Get-WindowsCapability -Online | Where-Object {($_.State -match 'Installed') -and ($_.Name -match 'Rsat.FailoverCluster.Management.Tools~~~~0.0.1.0')} | %{Remove-WindowsCapability -Name $_.Name -Online}
    Get-WindowsCapability -Online | Where-Object {($_.State -match 'Installed') -and ($_.Name -match 'Rsat.FileServices.Tools~~~~0.0.1.0')} | %{Remove-WindowsCapability -Name $_.Name -Online}
    Get-WindowsCapability -Online | Where-Object {($_.State -match 'Installed') -and ($_.Name -match 'Rsat.IPAM.Client.Tools~~~~0.0.1.0')} | %{Remove-WindowsCapability -Name $_.Name -Online}
    Get-WindowsCapability -Online | Where-Object {($_.State -match 'Installed') -and ($_.Name -match 'Rsat.LLDP.Tools~~~~0.0.1.0')} | %{Remove-WindowsCapability -Name $_.Name -Online}
    Get-WindowsCapability -Online | Where-Object {($_.State -match 'Installed') -and ($_.Name -match 'Rsat.NetworkController.Tools~~~~0.0.1.0')} | %{Remove-WindowsCapability -Name $_.Name -Online}
    Get-WindowsCapability -Online | Where-Object {($_.State -match 'Installed') -and ($_.Name -match 'Rsat.NetworkLoadBalancing.Tools~~~~0.0.1.0')} | %{Remove-WindowsCapability -Name $_.Name -Online}
    Get-WindowsCapability -Online | Where-Object {($_.State -match 'Installed') -and ($_.Name -match 'Rsat.RemoteAccess.Management.Tools~~~~0.0.1.0')} | %{Remove-WindowsCapability -Name $_.Name -Online}
    Get-WindowsCapability -Online | Where-Object {($_.State -match 'Installed') -and ($_.Name -match 'Rsat.RemoteDesktop.Services.Tools~~~~0.0.1.0')} | %{Remove-WindowsCapability -Name $_.Name -Online}
    Get-WindowsCapability -Online | Where-Object {($_.State -match 'Installed') -and ($_.Name -match 'Rsat.Shielded.VM.Tools~~~~0.0.1.0')} | %{Remove-WindowsCapability -Name $_.Name -Online}
    Get-WindowsCapability -Online | Where-Object {($_.State -match 'Installed') -and ($_.Name -match 'Rsat.StorageMigrationService.Management.Tools')} | %{Remove-WindowsCapability -Name $_.Name -Online}
    Get-WindowsCapability -Online | Where-Object {($_.State -match 'Installed') -and ($_.Name -match 'Rsat.StorageReplica.Tools~~~~0.0.1.0')} | %{Remove-WindowsCapability -Name $_.Name -Online}
    Get-WindowsCapability -Online | Where-Object {($_.State -match 'Installed') -and ($_.Name -match 'Rsat.SystemInsights.Management.Tools~~~~0.0.1.0')} | %{Remove-WindowsCapability -Name $_.Name -Online}
    Get-WindowsCapability -Online | Where-Object {($_.State -match 'Installed') -and ($_.Name -match 'Rsat.VolumeActivation.Tools~~~~0.0.1.0')} | %{Remove-WindowsCapability -Name $_.Name -Online}
    Get-WindowsCapability -Online | Where-Object {($_.State -match 'Installed') -and ($_.Name -match 'Rsat.WSUS.Tools~~~~0.0.1.0')} | %{Remove-WindowsCapability -Name $_.Name -Online}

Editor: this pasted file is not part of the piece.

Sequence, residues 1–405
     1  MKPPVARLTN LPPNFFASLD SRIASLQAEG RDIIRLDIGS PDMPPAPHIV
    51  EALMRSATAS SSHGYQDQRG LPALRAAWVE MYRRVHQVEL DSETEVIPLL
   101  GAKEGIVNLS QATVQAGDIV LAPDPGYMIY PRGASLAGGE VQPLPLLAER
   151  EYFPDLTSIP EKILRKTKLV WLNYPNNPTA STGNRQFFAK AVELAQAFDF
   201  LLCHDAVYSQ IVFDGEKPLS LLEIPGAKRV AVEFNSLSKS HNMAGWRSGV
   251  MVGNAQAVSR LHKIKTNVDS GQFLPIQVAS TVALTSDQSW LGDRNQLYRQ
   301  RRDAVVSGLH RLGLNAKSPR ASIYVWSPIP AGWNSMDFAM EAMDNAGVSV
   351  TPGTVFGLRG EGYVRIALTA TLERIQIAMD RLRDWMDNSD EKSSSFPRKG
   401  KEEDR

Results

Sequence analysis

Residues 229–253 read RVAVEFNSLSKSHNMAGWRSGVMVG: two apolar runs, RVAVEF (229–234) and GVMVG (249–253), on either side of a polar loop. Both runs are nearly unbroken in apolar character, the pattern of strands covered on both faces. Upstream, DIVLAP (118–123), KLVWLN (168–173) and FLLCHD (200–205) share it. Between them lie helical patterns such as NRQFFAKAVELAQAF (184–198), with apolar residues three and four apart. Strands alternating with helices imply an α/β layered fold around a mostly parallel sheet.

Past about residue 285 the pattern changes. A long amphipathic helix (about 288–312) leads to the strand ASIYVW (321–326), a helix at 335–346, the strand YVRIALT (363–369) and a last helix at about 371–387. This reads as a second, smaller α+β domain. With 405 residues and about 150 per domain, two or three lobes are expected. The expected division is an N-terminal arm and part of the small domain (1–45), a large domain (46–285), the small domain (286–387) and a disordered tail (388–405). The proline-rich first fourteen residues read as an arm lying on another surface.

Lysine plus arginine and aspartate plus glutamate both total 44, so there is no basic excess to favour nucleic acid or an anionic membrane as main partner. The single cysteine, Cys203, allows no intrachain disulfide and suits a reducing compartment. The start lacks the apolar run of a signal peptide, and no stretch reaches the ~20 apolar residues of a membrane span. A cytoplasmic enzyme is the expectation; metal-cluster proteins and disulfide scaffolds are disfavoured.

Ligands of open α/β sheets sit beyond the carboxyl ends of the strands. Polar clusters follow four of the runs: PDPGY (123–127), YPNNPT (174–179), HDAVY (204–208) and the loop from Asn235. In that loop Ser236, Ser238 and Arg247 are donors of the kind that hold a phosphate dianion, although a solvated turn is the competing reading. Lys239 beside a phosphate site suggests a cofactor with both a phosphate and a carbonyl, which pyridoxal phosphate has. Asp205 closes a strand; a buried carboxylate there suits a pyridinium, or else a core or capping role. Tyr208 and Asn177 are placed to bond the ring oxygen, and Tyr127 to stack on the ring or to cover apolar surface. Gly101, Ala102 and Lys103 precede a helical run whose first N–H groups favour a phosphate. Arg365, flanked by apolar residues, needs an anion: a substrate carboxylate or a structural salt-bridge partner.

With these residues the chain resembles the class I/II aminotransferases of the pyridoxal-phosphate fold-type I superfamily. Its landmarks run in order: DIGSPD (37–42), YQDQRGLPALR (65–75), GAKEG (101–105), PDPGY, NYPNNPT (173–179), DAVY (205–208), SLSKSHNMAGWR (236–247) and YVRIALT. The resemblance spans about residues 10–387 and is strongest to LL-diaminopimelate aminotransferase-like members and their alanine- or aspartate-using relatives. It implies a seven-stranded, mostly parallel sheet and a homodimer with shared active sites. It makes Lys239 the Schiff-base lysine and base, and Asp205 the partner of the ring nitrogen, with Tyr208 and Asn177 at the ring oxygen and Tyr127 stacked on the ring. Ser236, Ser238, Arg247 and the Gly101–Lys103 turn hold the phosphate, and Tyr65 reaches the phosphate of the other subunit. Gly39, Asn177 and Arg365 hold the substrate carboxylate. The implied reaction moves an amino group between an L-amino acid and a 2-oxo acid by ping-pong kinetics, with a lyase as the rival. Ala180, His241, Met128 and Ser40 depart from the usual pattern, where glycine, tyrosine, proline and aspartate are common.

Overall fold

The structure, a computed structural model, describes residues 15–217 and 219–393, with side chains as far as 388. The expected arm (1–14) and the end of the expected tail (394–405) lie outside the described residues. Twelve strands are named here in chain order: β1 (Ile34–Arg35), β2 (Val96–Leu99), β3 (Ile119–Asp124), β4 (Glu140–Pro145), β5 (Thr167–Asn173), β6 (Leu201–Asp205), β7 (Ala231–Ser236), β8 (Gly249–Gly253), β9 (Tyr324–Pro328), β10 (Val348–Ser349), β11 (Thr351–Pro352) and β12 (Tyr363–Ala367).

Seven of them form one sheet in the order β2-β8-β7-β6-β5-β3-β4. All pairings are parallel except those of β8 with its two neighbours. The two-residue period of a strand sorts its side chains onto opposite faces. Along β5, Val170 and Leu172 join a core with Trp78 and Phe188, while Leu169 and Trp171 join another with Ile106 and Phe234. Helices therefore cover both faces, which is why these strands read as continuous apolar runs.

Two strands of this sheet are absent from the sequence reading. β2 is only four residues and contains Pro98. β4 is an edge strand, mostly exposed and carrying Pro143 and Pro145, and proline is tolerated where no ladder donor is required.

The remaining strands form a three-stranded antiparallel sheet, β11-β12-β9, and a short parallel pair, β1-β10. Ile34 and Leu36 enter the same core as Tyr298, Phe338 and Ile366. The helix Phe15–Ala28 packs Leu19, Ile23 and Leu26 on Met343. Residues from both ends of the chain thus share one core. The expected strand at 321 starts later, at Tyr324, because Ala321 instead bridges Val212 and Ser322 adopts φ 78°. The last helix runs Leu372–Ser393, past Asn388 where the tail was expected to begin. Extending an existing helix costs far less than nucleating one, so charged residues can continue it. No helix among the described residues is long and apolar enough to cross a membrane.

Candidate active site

Get-WindowsCapability -Online | Where-Object {($_.State -match 'Installed') -and ($_.Name -match 'Rsat.ActiveDirectory.DS-LDS.Tools~~~~0.0.1.0')} | %{Remove-WindowsCapability -Name $_.Name -Online}
    Get-WindowsCapability -Online | Where-Object {($_.State -match 'Installed') -and ($_.Name -match 'Rsat.GroupPolicy.Management.Tools~~~~0.0.1.0')} | %{Remove-WindowsCapability -Name $_.Name -Online}
    Get-WindowsCapability -Online | Where-Object {($_.State -match 'Installed') -and ($_.Name -match 'Rsat.ServerManager.Tools~~~~0.0.1.0')} | %{Remove-WindowsCapability -Name $_.Name -Online}
}

## Get the parameter passed to the script
$DeploymentType=$args[0]

## Run the install or uninstall function
if ($DeploymentType -eq "Uninstall") {
    UninstallRSAT
}

else {
    InstallRSAT
}

Copy that script and save it as Install-RSAT.ps1. Create your application in SCCM and go through the wizard, giving it a name, publisher and version. The source will be the location where you saved Install-RSAT.ps1. When you get to the install and uninstall commands in the wizard, you can use the following commands:

To install:
powershell.exe -ExecutionPolicy Bypass -File .\Install-RSAT.ps1 -DeploymentType Install

To uninstall:
powershell.exe -ExecutionPolicy Bypass -File .\Install-RSAT.ps1 -DeploymentType Uninstall

Next up is the detection method. For this, you will need to use a PowerShell detection method. The PowerShell will simply check that the RSAT optional components have their install state set to Installed:

$installed = Get-WindowsCapability -Online | where name -like RSAT* | where state -like Installed | select name
if ($installed) {
    return $true
}

That should be all you need! Deploy that to a Windows 10 1809 device and the user should be able to install RSAT from Software Center… as long as their device can go online to reach the source files.